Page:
Blame the internet and the convenience it offers of getting the news whenever one wants it.
But here is a surprise. All-news radio is booming, according to Mike Stern at medialifemagazine.com.
In Washington, all-news WTOP is the market’s perennial leader, averaging a 10 share. That means that nearly 10 percent of radio listeners in Washington tune in regularly.
Its revenue story is even more impressive. In 2009 the station ranked No. 2 in billing for the entire country with more than $50 million in sales.
The same pattern holds in other markets: WBBM-AM/Chicago, KYW/Philadelphia and KCBS/San Francisco all rank among their markets’ top stations.
What’s driving the growing strength of all-news radio is, of all things, Arbitron’s Portable People Meter for tracking listening.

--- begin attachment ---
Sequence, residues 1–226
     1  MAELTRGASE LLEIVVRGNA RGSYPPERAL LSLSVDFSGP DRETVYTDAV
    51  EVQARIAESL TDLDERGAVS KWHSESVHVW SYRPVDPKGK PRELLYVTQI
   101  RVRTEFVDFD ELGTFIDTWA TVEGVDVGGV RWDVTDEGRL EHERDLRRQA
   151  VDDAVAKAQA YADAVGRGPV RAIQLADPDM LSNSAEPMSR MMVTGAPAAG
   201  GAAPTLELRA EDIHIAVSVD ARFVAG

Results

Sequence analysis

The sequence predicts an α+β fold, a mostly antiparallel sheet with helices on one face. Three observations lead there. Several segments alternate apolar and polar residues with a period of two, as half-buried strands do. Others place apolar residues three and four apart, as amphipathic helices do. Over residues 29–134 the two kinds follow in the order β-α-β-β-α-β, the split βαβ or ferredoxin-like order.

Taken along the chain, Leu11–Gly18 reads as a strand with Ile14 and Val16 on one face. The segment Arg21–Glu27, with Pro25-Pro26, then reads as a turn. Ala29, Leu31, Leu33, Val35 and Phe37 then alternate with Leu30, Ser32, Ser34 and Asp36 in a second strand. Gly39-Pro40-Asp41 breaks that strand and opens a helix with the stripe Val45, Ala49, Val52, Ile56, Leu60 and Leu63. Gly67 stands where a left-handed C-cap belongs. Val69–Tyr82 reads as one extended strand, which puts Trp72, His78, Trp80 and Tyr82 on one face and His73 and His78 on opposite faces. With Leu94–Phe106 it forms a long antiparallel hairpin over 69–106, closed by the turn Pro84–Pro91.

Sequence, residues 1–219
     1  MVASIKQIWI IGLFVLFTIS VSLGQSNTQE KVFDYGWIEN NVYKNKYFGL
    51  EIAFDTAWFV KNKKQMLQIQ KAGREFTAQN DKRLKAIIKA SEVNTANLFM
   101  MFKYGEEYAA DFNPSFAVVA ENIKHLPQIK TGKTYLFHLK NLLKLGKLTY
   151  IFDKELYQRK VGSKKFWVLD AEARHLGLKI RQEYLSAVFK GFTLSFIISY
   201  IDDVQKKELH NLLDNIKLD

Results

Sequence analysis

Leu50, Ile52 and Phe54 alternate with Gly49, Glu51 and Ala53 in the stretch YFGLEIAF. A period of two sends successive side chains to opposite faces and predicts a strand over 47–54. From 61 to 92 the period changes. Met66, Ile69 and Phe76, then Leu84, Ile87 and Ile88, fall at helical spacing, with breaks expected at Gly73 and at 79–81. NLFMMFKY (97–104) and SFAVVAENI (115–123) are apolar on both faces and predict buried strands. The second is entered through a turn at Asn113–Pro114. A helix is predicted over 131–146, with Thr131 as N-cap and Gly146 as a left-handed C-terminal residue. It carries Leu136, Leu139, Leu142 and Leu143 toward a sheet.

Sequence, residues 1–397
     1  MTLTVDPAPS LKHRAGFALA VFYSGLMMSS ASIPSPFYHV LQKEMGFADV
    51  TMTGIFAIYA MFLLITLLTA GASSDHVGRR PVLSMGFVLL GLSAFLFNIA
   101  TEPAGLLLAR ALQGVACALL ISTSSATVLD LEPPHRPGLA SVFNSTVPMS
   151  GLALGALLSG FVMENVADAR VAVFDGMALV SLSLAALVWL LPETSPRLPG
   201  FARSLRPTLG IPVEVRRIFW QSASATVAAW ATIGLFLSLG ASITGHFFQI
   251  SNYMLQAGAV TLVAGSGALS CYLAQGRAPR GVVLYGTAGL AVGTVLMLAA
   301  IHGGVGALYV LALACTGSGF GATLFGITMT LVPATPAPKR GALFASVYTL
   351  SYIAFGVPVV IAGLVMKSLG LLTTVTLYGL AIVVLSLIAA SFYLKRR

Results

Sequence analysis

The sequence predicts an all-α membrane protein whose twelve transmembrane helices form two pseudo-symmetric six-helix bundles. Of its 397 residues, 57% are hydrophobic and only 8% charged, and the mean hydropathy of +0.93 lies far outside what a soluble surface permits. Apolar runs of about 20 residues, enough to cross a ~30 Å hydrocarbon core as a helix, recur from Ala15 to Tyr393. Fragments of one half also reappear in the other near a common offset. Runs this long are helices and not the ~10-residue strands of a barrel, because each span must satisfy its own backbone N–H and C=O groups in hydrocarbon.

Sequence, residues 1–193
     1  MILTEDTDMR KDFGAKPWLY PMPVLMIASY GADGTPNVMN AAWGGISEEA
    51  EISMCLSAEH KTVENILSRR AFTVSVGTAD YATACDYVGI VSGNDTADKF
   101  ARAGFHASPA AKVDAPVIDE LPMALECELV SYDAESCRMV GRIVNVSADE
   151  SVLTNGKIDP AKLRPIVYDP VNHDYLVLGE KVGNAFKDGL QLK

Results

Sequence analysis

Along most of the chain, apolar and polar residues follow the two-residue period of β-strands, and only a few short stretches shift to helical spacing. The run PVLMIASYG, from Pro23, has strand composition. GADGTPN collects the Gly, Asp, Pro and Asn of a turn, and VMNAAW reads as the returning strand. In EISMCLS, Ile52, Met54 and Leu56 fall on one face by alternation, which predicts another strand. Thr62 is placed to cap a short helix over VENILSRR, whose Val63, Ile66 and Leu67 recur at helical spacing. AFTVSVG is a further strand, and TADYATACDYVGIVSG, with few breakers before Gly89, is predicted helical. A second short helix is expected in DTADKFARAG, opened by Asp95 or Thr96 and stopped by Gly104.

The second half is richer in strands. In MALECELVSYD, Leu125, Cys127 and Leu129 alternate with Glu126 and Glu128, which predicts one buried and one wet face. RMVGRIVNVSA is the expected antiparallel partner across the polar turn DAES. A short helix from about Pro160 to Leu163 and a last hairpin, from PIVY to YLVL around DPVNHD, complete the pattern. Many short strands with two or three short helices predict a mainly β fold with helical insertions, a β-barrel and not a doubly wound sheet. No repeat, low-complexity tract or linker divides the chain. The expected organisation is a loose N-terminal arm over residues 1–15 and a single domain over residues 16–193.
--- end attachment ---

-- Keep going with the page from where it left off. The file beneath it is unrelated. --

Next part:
With the rollout of the PPM across major markets, media buyers are afforded a far more accurate picture of what people listen to, when they listen and how often, all to the benefit of all-news stations.
Under the old diary system, which relies on listeners to remember and write down what stations they listened to, all-news stations got short-changed. Typically, people flip to all-news stations for the headlines, listen for a few minutes, then jump to another station.
When it came to filling out diaries, those short bursts of listening were forgotten about more often than not, and the result was that all-news stations appeared to have lower listening levels than they actually did.
“All-news radio stations are doing great. PPM has treated them well,” says Harvey Nagler, CBS News vice president for radio.
Read more here.